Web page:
On 1 May 2012, at 18:30, Burkett, William [USA] wrote:
Thank you all for feedback and thoughts. I find the comments on linguistics and speech acts interesting – I think it’s the right thread to pull on to find an answer to my original query. I don’t think the discussion has yielded a clear position of “commands” within ontology yet, so here are a few more thought-provoking questions. Using William Frank’s example, the proposition: “cat in a box” can easily be represented in an ontology. Representing: “Tom: put the cat in the box” (call this command A) in an ontology involves that proposition coupled with a command “put”, a directing agent (me?), and a directed agent (Tom). I agree that A is a speech act (imperative, performative), but what is it in an ontology? Are we saying that - “speech act” is an object in an ontology, and - that “command” is a kind of “speech act”, and
- the compound proposition A is an instance of “command”?
Quick answer: the proposition "put the cat in the box" is the *theme* of the speech act . Tom is the *recipient* of the speech act. Being an event, the structure of a specific speech act can be described by so-called "thematic relations" (also mentioned by Leo in a previous message). "theme" and "recipient" are examples of such relations.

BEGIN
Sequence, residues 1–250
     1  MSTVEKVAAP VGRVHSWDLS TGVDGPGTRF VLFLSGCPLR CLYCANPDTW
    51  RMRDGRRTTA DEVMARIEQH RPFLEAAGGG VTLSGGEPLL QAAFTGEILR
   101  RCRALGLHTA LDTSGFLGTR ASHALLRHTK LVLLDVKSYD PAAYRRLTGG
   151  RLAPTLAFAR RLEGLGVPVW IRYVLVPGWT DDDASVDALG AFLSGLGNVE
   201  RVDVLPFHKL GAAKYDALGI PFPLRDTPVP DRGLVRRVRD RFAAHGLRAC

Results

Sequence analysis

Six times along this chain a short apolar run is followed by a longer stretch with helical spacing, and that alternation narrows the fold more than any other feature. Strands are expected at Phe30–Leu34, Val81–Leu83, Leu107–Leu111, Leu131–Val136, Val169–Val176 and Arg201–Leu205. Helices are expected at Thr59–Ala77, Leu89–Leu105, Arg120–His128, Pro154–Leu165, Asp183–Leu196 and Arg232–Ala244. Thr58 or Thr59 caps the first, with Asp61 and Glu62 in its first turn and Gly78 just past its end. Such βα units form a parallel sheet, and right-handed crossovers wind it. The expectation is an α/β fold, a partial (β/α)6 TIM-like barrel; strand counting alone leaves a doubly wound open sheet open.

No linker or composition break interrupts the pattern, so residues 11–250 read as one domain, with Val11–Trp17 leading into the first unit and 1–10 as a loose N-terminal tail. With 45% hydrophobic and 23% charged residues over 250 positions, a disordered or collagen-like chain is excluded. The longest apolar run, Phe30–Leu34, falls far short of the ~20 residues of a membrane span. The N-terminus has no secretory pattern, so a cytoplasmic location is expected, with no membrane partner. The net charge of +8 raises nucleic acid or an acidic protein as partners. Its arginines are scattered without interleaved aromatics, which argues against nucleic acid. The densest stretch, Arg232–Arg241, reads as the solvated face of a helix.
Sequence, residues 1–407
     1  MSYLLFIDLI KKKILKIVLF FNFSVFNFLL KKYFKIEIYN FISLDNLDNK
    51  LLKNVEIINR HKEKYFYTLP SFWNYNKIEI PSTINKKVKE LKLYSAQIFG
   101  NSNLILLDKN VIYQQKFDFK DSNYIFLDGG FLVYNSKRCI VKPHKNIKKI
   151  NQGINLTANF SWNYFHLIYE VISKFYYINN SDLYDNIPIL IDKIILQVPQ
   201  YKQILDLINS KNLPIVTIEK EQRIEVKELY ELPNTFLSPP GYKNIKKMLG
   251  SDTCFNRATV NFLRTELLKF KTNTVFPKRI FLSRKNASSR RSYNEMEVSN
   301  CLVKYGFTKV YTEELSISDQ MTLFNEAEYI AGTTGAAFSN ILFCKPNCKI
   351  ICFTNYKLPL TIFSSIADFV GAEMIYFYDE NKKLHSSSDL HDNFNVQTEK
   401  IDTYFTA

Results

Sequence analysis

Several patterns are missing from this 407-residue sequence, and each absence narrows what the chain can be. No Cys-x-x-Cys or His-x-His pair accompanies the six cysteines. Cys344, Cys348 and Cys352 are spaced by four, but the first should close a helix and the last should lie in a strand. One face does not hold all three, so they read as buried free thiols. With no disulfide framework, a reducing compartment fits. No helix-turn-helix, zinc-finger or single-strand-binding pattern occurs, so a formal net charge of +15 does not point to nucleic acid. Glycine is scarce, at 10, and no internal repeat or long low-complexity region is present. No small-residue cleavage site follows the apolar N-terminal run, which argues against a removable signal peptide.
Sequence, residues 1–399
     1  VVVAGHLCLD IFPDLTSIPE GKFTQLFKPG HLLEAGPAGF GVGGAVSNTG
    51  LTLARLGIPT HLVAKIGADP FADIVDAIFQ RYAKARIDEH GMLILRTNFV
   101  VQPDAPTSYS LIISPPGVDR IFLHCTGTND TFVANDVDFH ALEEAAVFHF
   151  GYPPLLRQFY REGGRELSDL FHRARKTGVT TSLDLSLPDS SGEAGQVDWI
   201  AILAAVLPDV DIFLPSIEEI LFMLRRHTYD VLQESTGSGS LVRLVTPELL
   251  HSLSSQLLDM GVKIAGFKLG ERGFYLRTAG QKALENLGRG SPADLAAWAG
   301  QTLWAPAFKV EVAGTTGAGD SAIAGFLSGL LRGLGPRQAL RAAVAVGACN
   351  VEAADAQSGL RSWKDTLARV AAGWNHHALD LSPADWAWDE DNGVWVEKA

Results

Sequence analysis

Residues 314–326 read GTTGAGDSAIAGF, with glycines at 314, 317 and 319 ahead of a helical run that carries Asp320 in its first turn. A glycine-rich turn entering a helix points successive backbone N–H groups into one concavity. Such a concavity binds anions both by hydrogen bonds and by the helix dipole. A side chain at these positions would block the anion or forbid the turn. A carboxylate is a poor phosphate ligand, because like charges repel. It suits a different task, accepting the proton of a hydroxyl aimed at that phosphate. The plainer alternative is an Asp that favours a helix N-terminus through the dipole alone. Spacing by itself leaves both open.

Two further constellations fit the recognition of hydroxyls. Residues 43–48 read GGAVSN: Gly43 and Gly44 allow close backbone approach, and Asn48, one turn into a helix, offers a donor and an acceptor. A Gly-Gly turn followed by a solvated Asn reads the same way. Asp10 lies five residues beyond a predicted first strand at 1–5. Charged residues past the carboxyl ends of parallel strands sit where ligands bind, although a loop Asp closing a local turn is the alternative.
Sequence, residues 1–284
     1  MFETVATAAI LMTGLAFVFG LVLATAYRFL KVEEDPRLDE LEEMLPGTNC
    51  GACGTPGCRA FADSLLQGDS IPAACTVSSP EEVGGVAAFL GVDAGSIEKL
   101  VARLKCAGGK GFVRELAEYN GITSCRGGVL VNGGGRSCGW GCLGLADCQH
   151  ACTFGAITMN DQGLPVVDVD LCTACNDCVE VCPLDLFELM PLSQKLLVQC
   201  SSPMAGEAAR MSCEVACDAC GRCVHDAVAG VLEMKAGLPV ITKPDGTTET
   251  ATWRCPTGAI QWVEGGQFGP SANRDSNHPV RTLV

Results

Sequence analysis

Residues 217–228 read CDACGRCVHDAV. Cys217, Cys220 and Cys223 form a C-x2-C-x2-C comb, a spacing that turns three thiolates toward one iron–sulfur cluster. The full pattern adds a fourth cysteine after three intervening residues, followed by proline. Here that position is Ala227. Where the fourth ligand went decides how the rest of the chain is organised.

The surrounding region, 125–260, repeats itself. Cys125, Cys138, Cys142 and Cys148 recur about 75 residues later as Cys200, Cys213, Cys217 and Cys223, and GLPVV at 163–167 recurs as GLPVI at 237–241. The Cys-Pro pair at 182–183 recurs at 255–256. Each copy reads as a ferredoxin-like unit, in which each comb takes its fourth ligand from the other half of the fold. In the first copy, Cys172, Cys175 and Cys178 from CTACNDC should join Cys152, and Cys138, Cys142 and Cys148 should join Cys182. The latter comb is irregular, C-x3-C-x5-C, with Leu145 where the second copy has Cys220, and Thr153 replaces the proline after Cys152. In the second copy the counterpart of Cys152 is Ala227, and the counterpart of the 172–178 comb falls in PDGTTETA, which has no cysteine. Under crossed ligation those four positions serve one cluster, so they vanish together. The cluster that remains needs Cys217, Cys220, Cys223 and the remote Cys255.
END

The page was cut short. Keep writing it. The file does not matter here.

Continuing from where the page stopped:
For an ontological analysis of services that relies on events, see
Ferrario, R., Guarino, N. 2012. Commitment-Based Modeling of Service Systems. In M. Snene (Ed.), IESS 2012, International Conference on Exploring Services Science, Springer Verlag, Lecture Notes in Business Information Processing, vol. 103, Berlin Heidelberg 2012, pp. 170-185 (downloadable at http://dl.dropbox.com/u/7903842/EIT%20ICT%20Labs%20Business%20Plan%202012.pdf) If that command is issued by one software agent to another (e.g., in a SOA-based workflow), is it still a “speech act”?